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Sharmain Harris gets pardon after years of community work

New Year’s Day offers the chance for a clean slate in 2023.

At 6 pm on Dec. 20, 2022, Sharmain Harris got his slate clean, via email, while coaching his son’s basketball team.

“I sent the kids out on a water break, and I checked my messages and I saw the email that I had been waiting for,” Harris said. “I belly yelled, I was breathing super hard. It was kind of like going through a panic attack.”



Sharmain Harris


SEAN KRAJACIC Kenosha News

It was a message from the governor’s office, informing Harris that his pardon had been officially approved and would be in the mail soon.

Harris, who stepped out of prison in 2013 at age 24, has spent the last nine years rebuilding his life and working to help better his community.

This New Year’s Day, Harris can celebrate the next chapter of his life.

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SHARMAIN HARRIS

Sharmain Harris


SEAN KRAJACIC Kenosha News

Now an adjunct professor at the University of Wisconsin-Parkside and head of Fatherhood Franchise of Kenosha, a program for Kenosha County fathers operated in partnership with the county government, Harris said the path to this point was one littered with obstacles, from work to housing and more.

The pardon, Harris said, means new opportunities.

“I’ve been kicking down doors for years,” Harris said. “And if that door is locked, I’ll go through the side door. If that’s shut, I go through the back door. Now, they’ve got to open the door for me with a red carpet treatment.”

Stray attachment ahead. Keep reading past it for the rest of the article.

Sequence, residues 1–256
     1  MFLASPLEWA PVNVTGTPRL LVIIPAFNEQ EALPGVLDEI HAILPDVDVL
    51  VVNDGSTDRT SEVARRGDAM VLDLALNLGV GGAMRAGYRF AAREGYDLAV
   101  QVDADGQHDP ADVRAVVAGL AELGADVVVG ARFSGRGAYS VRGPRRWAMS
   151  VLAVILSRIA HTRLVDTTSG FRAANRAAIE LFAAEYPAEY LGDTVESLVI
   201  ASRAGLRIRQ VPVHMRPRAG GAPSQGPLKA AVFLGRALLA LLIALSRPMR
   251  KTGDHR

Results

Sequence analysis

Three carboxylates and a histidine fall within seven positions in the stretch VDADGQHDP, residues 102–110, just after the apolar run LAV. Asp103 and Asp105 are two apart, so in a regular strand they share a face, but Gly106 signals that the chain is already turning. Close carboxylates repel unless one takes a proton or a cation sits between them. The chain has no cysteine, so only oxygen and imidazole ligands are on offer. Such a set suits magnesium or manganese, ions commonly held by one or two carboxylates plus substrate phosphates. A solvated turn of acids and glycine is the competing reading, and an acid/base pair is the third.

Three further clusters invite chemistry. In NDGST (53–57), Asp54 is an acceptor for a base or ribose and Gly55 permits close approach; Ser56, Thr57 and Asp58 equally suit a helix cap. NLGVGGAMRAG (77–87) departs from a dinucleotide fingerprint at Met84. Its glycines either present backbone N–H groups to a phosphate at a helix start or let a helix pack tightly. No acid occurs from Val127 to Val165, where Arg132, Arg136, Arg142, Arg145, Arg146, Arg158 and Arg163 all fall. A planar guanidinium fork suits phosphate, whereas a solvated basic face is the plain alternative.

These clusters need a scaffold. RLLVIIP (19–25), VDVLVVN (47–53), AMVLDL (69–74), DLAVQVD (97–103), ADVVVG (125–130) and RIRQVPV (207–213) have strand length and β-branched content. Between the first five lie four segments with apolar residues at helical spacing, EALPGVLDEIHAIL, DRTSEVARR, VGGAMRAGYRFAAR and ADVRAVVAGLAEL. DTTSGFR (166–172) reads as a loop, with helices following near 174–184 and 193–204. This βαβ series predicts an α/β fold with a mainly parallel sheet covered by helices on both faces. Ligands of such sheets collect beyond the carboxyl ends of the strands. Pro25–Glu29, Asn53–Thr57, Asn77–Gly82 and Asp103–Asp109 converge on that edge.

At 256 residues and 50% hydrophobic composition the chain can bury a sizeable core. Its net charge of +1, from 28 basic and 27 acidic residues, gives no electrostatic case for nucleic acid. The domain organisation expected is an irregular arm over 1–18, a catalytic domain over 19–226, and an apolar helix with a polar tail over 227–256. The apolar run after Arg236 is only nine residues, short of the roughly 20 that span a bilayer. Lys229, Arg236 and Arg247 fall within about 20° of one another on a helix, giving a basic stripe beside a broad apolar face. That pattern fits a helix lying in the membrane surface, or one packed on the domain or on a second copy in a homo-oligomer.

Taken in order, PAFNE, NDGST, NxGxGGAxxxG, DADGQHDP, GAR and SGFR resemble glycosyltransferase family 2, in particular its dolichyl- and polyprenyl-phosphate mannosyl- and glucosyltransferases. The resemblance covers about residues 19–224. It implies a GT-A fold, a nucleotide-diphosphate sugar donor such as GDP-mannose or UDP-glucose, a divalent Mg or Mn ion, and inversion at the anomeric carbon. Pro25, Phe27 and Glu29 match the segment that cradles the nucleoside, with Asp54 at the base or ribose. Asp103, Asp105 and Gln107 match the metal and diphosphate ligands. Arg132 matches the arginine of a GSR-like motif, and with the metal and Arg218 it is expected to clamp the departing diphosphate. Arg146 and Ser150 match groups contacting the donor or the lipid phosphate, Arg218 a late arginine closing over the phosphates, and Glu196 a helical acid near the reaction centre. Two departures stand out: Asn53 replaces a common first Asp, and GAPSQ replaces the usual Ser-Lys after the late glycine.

Changing his self-image

Harris’ childhood and background reflects the stories of many of the men he has helped with his fatherhood program, something he says gives him a unique ability to relate to others and help people.

His parents, while in his life, were not married and were living in separate towns. He was raised in an environment full of trouble, including drugs.

“I often tell the story of how, when I was 11-years-old, we were out asking for dollars,” Harris said.

“This guy didn’t give me a dollar, he gave me crack cocaine to sell,” Harris said. “That’s the way you make money.'”

Looking back at the man Harris was when he went to prison all those years ago, Harris said what really changed is how he views himself.

His childhood environment was all Harris knew growing up, but as he learned more while in prison, pouring over books and reading the Bible “front to back and back to front,” he gained a self-awareness he had lacked.

“I stopped seeing myself as a violent person or a drug dealer and more as a powerful person,” Harris said. “When I had my first son, I saw myself as a father. When I got the role at the WIC office, I saw myself as a leader, as an influencer.”

Rebuilding his life

After prison, with the support of family and friends, Harris rebuilt his life, facing personal tragedies and struggles along the way, including the deaths of two relatives, and a difficult premature birth for his second biological child.

He struggled to find long-term work, with companies dropping him after a temporary period upon learning he was a felon.



SHARMAIN HARRIS

Sharmain Harris


SEAN KRAJACIC Kenosha News

“Once they run a background check, they’ll send you an email that says the job assignment is no longer needed,” Harris said. “And they don’t say it explicitly, but you know. You know.”

Apartments run by larger property management companies would turn him down outright, forcing him to find housing run by smaller groups or individuals who would at least listen to him.